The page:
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Retreat, Hell! is a highly entertaining picture about ground combat in the Korean War, aka the U.N. Police Action. There weren't many made, as Hollywood had a hard time getting a handle on the conflict. Cold War posturing makes several of the better-known Korean War pictures almost unwatchable. One Minute to Zero is so fiercely anti-Communist that it forgets to tell a coherent story. Made several years later, Douglas Sirk's Battle Hymn adds religion to the mix, coming off (to this viewer) as something the Nazis might have produced had they won WW2.
To its benefit, Retreat, Hell! is a straight drama fashioned along the lines of William Wellman's WWII classic Battleground. Made when the fighting was still going strong, it has its Gung Ho recruiting-poster moments. Yet I found it to be mostly honest about its subject. The script by Ted Sherdeman (Them!) takes the politics at face value, which is where the first-into-the-fray Marine Corps found itself in 1950. Thus, although the Corps is certainly being lauded, no dated attitudes crop up to push the movie into the anti-Commie camp category. The acting is top-notch, with star Frank Lovejoy highly charismatic for an actor most frequently tapped to play no-nonsense military men. Future science fiction fixture Richard Carlson puts a human face on the Corps. But the film's brightest asset is the 17 year-old Russ (Rusty) Tamblyn, former child actor (Gun Crazy) in his first non-kid part. Actor Richard Jaeckel had started a career playing The Green Recruit ten years before, but Tamblyn really excels as a fourth-generation leatherneck.
Although it's usually passed over in discussions of Joseph H. Lewis's filmography, Retreat, Hell! is very smartly directed. The script is actually rather dry, but Lewis enlivens every scene and turns familiar situations into something special. It's better than most of the director's non-classic titles.
Veteran Marine reservist Paul Hansen (Richard Carlson) and his wife Ruth (Anita Louise) try to take it in stride when he's pulled in for active duty in Korea. Paul is pleased to find that his C.O. is an old comrade, Lt. Col. Steve Corbett (Frank Lovejoy). But he's not happy when he's booted up to Captain and put in charge of his own company of Marines. The training is intense and Hansen and his troops are soon on their way to combat. The big shakedown comes when they make an amphibious landing at Inchon and fight their way inland. Fellow commander Tink O'Grady (future director Lamont Johnson) charges his troops into the fray, but Col. Corbett must ride Hansen to get him to press the offensive. Helping out considerably is Sgt. Novak (Oscar-winning writer Nedrick Young), another veteran of the South Pacific theater. At first almost embarrassingly enthusiastic, young Jimmy McDermid (Russ Tamblyn) excels in training but chokes up in combat. After the first day's fighting he wanders in from the rear, sheepish and ashamed. Jimmy finds out that his brother, a Marine officer, is at the command base, but won't go see him until he's fought like a real Marine. A couple of months later, the offensive is going so well that the rumors are that everyone will be going home for Christmas. That's when hordes of Chinese troops swarm onto the battlefield, overrunning the U.N. lines. Corbett is ordered to withdraw his men, but he refuses to simply run -- Corps policy in his battalion is to not leave s asingle man behind on the battlefield.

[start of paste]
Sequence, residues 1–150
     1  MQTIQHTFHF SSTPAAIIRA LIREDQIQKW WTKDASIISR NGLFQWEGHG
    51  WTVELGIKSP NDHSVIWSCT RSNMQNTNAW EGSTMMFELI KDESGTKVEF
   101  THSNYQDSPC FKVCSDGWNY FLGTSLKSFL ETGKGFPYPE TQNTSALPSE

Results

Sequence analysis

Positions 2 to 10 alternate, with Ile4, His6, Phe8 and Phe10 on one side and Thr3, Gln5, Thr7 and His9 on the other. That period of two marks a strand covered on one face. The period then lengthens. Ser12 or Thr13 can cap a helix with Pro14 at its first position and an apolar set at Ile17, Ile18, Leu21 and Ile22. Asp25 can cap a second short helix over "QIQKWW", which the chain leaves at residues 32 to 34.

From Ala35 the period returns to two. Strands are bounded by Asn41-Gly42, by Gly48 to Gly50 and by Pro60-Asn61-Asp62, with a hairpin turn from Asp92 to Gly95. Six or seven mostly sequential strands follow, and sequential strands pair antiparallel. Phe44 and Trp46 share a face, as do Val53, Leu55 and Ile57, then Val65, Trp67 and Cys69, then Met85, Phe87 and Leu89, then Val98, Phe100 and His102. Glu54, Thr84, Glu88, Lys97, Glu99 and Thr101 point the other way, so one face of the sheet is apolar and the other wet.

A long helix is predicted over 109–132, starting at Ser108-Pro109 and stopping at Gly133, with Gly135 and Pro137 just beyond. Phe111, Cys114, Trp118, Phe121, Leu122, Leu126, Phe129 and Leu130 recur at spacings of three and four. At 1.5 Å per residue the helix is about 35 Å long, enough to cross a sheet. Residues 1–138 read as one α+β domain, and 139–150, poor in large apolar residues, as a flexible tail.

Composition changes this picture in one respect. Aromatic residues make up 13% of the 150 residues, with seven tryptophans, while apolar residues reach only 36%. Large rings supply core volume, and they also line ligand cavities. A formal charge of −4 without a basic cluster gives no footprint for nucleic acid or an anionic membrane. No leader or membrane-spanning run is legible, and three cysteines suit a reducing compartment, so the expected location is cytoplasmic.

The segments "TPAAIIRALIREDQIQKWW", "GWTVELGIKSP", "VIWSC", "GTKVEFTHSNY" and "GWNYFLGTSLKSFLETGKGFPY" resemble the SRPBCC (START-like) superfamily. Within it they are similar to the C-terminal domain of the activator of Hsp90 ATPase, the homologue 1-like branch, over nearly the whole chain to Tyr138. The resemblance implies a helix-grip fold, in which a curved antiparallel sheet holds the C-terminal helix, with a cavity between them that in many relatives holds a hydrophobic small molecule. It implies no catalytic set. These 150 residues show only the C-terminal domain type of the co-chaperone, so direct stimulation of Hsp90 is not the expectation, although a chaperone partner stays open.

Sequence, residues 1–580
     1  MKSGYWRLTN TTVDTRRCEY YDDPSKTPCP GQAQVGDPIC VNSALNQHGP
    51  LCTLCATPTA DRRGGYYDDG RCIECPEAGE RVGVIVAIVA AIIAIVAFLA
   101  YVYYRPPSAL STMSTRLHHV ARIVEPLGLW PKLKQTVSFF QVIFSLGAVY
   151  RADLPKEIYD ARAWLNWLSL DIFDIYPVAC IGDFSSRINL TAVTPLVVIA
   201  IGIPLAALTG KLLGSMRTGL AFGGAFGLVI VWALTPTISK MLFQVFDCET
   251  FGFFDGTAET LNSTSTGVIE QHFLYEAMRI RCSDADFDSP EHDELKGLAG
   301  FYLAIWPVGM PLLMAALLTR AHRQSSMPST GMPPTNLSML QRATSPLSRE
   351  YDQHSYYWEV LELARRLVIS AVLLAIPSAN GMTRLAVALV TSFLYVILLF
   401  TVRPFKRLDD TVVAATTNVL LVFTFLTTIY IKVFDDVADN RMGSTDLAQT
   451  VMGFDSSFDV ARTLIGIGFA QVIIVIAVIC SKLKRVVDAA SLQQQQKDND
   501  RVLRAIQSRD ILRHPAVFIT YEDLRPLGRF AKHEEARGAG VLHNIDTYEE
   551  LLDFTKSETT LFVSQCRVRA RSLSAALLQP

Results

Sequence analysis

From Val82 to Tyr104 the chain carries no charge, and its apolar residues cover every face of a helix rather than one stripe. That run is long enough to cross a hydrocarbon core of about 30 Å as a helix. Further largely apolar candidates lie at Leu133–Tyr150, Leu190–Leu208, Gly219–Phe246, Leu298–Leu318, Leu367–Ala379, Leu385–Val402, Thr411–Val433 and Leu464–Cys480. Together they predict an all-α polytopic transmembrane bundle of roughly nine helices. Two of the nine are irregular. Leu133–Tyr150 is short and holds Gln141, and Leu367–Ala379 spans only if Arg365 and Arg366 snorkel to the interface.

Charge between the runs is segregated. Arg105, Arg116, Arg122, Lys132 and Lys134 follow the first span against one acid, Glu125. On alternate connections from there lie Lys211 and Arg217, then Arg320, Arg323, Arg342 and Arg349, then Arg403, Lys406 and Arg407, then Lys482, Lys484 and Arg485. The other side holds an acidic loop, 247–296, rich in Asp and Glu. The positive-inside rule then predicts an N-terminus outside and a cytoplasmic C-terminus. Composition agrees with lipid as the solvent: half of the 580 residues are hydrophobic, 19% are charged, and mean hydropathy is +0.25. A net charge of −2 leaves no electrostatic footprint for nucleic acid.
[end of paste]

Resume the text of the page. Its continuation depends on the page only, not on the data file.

Retreat, Hell! honors the Marine Corps and lauds their unenviable role in Korea without lecturing the audience or telling us what to believe. It does conceive of things in WW2 terms, which is understandable -- the kids of 1952 listen to older tunes on the radio, like "They're Either Too Young or Too Old" and "The Very Thought of You." The general message is that the Corps is a tough outfit and that only Real Men should apply. Paul Hansen is given grief for being insufficiently Marine: playing it too safe. Corbett's critiques of Hansen are very similar to the Nick Nolte / Elias Koteas scenes in The Thin Red Line, except that Corbett is understanding and reasonable to a fault. Hell of a commander, that Corbett: he speaks Korean (riiiight...) yet pronounces the city Seoul as, "sool". Corbett also gives Hansen grief for not knowing all of his men's names on sight. This leads to an interview scene in which Paul asks his men to turn around so he can memorize the backs of their heads. Rusty Tamblyn's Jimmy reacts to this in a way that's amusing. Now it seems like an unintended, slightly gay joke. I'm sure that the joke in my Air Force family would have Captain Hansen solve the problem by having his troops tattoo their names on the back of their necks.